Gifts Stay savvy if you need to swap gifts
Legally, only the person who paid has a right to return faulty goods, but the simplest way to transfer that right is to write on the receipt ‘bought as a gift for Sarah’.
Most shops are fairly relaxed about exchanging unwanted gifts especially around Christmas although they’re not legally obliged to but it’s worth finding out what their policy is before you buy. For instance, does a credit note have to be spent within a specified time period or at a certain store or can it be used online? Gift cards and vouchers
A useful fall back if you don’t know what to get someone and a welcome gift for most recipients but if the retailer goes bust or changes hands, bang goes the gift card and you’ve no rights as people with vouchers for Game, Zavvi, Peacocks and JJB Sports will be painfully aware.
Most gift vouchers have a time limit on them and they’re often put on a mantelpiece or in a drawer and forgotten. According to the Gift Cards and Vouchers Association (GCVA) around 6 per cent of all vouchers go unspent, amounting to £240m each year.Exchange and returns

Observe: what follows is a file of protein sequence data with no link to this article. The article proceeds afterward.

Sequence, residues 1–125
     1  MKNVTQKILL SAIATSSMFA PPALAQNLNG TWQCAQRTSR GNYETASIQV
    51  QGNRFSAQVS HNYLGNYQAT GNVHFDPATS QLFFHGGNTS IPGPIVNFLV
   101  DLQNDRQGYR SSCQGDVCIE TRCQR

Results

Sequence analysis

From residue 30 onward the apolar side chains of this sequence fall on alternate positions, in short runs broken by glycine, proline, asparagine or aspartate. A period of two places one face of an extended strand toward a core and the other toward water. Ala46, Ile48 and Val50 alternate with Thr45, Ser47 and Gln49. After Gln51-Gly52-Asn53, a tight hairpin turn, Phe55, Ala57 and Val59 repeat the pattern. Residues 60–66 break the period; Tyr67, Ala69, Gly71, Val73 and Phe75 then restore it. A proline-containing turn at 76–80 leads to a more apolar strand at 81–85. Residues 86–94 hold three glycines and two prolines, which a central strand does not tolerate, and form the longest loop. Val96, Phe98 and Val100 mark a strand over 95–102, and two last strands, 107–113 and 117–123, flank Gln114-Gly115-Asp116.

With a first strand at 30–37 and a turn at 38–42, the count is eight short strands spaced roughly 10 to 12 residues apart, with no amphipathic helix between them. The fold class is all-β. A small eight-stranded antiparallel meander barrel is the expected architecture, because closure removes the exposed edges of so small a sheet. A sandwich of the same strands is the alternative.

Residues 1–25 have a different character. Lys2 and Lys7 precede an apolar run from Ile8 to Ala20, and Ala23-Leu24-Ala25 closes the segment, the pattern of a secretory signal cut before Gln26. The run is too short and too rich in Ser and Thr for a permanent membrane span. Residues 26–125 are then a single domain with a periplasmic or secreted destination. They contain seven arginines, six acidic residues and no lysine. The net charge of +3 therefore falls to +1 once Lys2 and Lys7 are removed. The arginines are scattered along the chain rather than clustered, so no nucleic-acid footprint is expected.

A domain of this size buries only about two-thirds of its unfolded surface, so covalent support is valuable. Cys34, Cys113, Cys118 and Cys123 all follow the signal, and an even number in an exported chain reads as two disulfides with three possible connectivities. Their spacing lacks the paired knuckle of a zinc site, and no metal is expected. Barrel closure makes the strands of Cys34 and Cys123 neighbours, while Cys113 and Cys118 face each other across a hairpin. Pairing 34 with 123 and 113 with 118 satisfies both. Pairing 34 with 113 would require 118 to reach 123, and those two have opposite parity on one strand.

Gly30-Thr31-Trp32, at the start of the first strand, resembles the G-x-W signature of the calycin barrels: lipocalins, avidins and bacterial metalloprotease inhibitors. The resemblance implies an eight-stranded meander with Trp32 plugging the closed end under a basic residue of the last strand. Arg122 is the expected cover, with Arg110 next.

The most important point to remembers is to take something back as soon as possible but unless the item’s faulty, or otherwise not fit for purpose strictly speaking the retailer doesn’t have to offer an exchange or refund.
The wrong size, wrong colour or simply inappropriate is your problem, not the retailer so always check what their policy is on exchanges. Never assume the lucky recipient of a lime green jumpsuit can just change it for a navy cardigan!
If something’s faulty, you’ll usually get a full refund within 28 days but if it’s a gift that was bought six months before Christmas, you may have to prove that the item was faulty when purchased which can be more difficult.Shopping online
The Distance Selling Regulations give you a legal right to send most goods back within a week for a full refund (including outward delivery costs), even if there's no fault but you'll usually need to pay for the return delivery. Be sure to check the policy on websites where you’re buying from private sellers.Christmas delivery
You can only complain if either you or the retailer can prove that something was for Christmas delivery (or any other specific date) as that would be a breach of contract. Obviously, that may not help you if someone’s got no present to open on Christmas morning because it hasn’t arrived so you’ll have to try the ‘something to look forward to’ tactic.DO remember it's about expectations as well as rights
Even if you don't have a legal right, companies' reputations depend on giving decent service. So you can always ask – and tell them you're disappointed if they don't help.